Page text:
CPA vs. Tax Preparer, Which is best for your Career?

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CPA vs. Tax Preparer, Which is best for your Career?


Whether you are looking to build a career or hire professionals for your finance and accounting-related problems, you should have complete knowledge of the difference between a CPA & a Tax Preparer to make the right decision. Tax-related solutions such as preparing and filing for tax returns can be done by a Certified Public Accountant (CPA) and a Tax Preparer, as both are authorized to do that. 

But do you know where they differ? Do you know who is authorized to sign the papers? Well, if you don’t, that’s what we’re here to tell you. In this article on CPA vs. Tax Preparer, we will explore the prime differences between the two professions and the areas of their expertise and authority. Moreover, we will discuss their scope and responsibility so that you can decide how to help solve your financial needs or make a successful career. Let’s dive right into it!

What is a CPA?

The Certified Public Accountant, or the US CPA, is an internationally recognized certification in the field of Accounting and Finance validating the credentials of the certificate holders as adept in the skills of the relevant fields of expertise. The US CPA is a certification conferred to individuals upon clearing the certification exam- the Uniform CPA exam. 

The official accounting body governing the US CPA exam is the American Institute of Certified Public Accountants, the AICPA, and the National Association of State Boards of Accountancy (NASBA). The AICPA works in collaboration with 55 US State Boards of Accountancies (BOA) and the NASBA for the Uniform CPA exam. Knowing about the governing accounting body is an important aspect of the CPA vs. Tax Preparer comparison as you would be certain of the credibility of the professional having certain knowledge of the work he is hired for.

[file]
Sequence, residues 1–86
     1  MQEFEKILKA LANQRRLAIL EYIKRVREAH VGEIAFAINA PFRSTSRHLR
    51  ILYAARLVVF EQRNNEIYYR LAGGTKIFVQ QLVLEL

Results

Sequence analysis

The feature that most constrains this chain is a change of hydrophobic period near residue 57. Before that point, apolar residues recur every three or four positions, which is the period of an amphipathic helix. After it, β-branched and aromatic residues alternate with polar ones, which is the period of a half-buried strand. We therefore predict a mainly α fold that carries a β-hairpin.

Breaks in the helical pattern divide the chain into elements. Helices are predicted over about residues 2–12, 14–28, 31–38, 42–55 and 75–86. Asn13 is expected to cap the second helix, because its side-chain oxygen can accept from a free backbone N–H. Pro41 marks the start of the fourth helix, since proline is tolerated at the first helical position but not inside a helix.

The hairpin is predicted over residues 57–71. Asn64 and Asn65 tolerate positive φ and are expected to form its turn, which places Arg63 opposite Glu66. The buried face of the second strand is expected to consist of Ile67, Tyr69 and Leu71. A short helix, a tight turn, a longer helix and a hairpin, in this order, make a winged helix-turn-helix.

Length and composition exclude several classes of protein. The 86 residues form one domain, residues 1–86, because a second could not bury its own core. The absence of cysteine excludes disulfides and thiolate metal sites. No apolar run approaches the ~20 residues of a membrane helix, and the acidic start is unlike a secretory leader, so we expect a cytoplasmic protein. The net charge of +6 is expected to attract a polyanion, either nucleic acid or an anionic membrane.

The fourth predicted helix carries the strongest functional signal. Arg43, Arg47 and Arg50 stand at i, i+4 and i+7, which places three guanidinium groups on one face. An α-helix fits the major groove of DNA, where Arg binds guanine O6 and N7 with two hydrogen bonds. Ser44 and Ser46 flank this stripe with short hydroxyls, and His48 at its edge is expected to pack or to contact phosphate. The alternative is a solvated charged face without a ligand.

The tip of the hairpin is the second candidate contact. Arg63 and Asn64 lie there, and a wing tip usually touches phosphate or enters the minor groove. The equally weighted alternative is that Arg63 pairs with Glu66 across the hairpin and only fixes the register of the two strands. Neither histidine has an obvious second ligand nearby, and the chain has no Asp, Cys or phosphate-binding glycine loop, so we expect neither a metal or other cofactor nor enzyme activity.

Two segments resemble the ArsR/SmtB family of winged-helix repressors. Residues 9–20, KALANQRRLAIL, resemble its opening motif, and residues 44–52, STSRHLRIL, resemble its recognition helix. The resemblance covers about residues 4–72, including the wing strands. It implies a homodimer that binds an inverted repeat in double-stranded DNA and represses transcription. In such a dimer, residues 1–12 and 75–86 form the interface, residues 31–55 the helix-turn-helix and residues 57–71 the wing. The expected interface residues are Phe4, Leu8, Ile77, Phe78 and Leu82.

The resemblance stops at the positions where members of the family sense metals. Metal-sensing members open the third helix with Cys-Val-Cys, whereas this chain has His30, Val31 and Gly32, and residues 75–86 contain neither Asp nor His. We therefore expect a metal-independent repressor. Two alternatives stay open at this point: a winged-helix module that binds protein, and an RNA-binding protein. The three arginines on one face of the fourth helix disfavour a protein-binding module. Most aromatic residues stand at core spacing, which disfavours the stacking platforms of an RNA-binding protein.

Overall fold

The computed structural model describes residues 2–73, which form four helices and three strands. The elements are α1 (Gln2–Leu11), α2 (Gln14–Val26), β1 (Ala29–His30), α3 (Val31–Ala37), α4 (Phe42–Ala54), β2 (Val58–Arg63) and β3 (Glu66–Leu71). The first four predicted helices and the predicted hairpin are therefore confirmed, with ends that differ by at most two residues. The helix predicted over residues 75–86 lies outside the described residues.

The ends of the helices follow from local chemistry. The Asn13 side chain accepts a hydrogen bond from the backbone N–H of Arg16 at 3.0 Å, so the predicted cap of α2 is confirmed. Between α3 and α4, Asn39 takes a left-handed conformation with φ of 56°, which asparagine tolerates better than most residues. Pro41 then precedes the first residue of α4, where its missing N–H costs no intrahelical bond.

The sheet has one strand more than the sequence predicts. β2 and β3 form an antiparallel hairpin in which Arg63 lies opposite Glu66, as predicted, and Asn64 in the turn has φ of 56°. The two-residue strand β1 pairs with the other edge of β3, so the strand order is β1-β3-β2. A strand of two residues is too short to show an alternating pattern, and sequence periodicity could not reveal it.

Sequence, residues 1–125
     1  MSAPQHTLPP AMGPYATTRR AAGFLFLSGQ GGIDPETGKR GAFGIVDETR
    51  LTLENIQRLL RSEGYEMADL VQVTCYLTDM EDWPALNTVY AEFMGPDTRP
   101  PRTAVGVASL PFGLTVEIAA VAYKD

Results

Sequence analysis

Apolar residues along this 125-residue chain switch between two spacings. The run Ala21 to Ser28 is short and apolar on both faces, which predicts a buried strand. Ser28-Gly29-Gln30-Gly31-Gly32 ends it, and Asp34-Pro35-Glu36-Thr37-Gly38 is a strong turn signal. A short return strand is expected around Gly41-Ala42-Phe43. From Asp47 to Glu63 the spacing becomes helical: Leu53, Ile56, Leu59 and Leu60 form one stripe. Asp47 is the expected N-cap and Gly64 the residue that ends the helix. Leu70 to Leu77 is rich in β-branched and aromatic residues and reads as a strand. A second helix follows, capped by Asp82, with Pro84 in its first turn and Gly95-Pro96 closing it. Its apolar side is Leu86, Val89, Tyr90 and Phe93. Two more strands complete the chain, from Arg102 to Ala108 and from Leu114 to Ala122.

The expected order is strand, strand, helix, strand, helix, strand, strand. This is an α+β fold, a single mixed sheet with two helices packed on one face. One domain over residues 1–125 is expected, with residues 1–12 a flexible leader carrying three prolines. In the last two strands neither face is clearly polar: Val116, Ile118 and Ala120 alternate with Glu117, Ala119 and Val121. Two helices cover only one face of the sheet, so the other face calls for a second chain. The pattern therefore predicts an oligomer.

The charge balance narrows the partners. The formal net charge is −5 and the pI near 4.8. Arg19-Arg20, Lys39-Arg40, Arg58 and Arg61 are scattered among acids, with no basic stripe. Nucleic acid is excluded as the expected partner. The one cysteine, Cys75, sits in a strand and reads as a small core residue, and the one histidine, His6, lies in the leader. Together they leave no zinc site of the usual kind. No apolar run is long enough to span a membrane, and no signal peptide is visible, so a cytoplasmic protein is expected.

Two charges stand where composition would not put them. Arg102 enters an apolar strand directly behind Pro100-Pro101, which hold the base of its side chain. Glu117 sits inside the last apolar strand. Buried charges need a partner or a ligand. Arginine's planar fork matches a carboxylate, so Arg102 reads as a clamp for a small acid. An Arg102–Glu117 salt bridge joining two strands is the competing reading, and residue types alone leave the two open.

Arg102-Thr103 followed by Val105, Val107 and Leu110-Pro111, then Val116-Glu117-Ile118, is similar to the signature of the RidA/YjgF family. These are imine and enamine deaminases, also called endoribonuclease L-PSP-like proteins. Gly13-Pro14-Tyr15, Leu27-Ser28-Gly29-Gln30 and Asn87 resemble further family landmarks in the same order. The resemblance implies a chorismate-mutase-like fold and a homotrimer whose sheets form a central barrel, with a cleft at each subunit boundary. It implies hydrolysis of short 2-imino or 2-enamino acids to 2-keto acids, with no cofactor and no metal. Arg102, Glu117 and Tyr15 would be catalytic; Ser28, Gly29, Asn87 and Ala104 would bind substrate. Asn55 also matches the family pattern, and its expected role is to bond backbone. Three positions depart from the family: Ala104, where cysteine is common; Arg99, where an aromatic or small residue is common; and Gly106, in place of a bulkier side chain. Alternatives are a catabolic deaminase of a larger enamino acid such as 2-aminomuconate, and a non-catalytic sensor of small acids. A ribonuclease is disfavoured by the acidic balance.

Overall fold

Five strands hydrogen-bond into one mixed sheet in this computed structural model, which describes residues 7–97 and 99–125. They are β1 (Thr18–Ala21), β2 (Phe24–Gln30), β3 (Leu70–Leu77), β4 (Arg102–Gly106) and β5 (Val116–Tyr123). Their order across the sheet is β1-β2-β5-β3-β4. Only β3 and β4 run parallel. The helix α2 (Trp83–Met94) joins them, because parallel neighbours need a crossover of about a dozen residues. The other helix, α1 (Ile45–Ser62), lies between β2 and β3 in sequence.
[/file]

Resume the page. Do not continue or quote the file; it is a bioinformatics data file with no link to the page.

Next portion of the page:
• Licensing Authority

    Candidates clearing the Uniform CPA exam don’t start working right away. To become a licensed CPA member, they must apply for the CPA License, which the AICPA also issues in association with the 55 BOAs. However, every state has different educational and professional experience criteria, which must be fulfilled to be eligible for CPA licensure. Therefore, whichever state you wish to work in, you need to submit an application for the CPA License to register with the respective state. As you shall see ahead, it is an important aspect of the CPA vs. Tax Preparer comparison.

    • Prerequisites for a CPA License

    As stated above, before applying for the CPA License, you must fulfil certain eligibility prerequisites as specified by the respective state boards for licensure application. The criteria requirements for the CPA License application are as follows:

    • Education: Candidates must have cleared their bachelor’s degree program and must have acquired 120 (for giving exams) and 150 (for acquiring a license) credit points during the course
    • Examination: Candidates must have cleared the US CPA exam, graded on a scale of 0 to 99, with at least 75. 
    • Experience: Candidates must have acquired 1-2 years (2000 hours) of professional working experience.